Wednesday, September 16, 2015

The Alta Heiser Collection Index Vol. 4, January 1, 1948 & December 26, 1951. Owners had their land improved under contracts; and a comparison of cost is startling. Removed Fences. Mr. John Woods had a farm in Union Township, Butler County, Ohio with over one hundred acres but all was not under cultivation. Owners of farms who were not farmers had their land improved ready to sell at a profit. Agreement made between John Woods and Christopher Trine and Ruben Trine. John Woods leased to the Trine’s thirty acres of land of the west side of the tract of Section 10 for four years from 1st of March next. The Trine were to clear off the tract of thirty acres and to fence into three fields. The fences were to be well staked and ridered all of the timber fit for rails made into rails or to be left standing upon the ground. Trine’s were put up buildings in addition to the one they now occupied and to deliver to Mr. Woods one half of their crop raised upon the premises the last year except two acres were left to them. The Trine’s were to leave the premises in good order and repair at the end of the four years and have land fenced into three fields as stated above. All the valuable timber not used for making rails or for improving the premises were to be left growing on the premises. Mr. Wood reserved the use of two cribs now on said tract of land and if he sells said tract before the end of their contract he is to pay the Trine’s a reasonable sum for their labor deducting the sum by said Trine if they decided to have possession of the thirty acres. This agreement was on 12 November 1842. In On May 24, 1844, Mr. John Woods wrote to Mr. Christopher Trine that he had been told he had to removed fences along the land next to Patchells in Union Township in Butler County, Ohio, which he had no right to do. Mr. John Woods had already notified him that, according to their agreement, the lease was at an end and if he wished to stay he would have to get the right from Mr. Stites. He wrote: “If you come up Monday I will tell you how the matter can be arranged. If you remove any of the fences or let the cattle hogs or any animals run in the ground or injure the crops of others you will be liable for damages. Come up Monday and I will settle with matter with you for whatever you have a just claim.” Whether or not Mr. Trine went to Hamilton as invited, the final arrangements were not made until October 9, 1844, and where witnessed by Morton Irwin. the amount agreed upon as the value of improvements made over benefits received was $80.. Peaceable possession was to be given on December 1, 1844.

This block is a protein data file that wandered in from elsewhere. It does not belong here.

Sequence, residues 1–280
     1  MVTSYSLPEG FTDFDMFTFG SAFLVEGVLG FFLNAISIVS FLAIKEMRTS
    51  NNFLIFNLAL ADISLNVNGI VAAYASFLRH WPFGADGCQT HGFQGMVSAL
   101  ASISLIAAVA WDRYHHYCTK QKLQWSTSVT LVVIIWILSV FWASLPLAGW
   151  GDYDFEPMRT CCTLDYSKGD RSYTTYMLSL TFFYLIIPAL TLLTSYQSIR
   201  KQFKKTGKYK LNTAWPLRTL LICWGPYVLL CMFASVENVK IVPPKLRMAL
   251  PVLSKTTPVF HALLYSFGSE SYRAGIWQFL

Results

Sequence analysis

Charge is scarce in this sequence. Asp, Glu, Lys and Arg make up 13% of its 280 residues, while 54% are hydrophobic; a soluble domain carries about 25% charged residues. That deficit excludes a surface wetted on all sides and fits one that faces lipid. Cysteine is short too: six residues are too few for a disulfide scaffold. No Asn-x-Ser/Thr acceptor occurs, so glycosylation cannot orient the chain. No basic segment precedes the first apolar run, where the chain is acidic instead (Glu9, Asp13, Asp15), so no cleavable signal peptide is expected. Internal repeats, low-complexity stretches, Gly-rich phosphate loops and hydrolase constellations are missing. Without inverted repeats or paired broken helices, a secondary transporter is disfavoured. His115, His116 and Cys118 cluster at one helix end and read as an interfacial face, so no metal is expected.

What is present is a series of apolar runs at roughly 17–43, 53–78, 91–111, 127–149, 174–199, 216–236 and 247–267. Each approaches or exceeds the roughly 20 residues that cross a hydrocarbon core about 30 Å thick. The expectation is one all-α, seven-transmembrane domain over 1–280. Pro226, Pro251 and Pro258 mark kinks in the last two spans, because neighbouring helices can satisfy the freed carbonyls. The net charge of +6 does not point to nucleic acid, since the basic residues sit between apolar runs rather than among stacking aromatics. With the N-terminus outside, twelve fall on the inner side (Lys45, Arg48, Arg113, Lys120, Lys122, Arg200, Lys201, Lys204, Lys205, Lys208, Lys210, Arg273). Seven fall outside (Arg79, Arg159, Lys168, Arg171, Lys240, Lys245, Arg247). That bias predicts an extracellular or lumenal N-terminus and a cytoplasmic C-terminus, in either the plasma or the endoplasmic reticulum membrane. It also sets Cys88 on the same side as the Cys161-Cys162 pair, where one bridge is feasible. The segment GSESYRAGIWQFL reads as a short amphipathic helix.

Technorati Tags: ,,,,,,,,,,,,,,,

Morton Irwin witness agreement 1844_0001Morton Irwin witness agreement 1844_0002Morton Irwin witness agreement 1844_0003

No comments:

Post a Comment